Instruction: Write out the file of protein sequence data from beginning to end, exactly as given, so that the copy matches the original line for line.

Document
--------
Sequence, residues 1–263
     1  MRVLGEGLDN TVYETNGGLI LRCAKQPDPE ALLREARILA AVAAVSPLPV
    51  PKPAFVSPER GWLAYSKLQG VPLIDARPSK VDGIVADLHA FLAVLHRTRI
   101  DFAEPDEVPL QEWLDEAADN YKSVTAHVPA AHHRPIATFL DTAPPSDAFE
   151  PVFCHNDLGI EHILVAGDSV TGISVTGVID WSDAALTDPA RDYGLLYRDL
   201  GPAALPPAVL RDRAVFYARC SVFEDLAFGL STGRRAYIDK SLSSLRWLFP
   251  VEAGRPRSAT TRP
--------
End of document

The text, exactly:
Sequence, residues 1–263
     1  MRVLGEGLDN TVYETNGGLI LRCAKQPDPE ALLREARILA AVAAVSPLPV
    51  PKPAFVSPER GWLAYSKLQG VPLIDARPSK VDGIVADLHA FLAVLHRTRI
   101  DFAEPDEVPL QEWLDEAADN YKSVTAHVPA AHHRPIATFL DTAPPSDAFE
   151  PVFCHNDLGI EHILVAGDSV TGISVTGVID WSDAALTDPA RDYGLLYRDL
   201  GPAALPPAVL RDRAVFYARC SVFEDLAFGL STGRRAYIDK SLSSLRWLFP
   251  VEAGRPRSAT TRP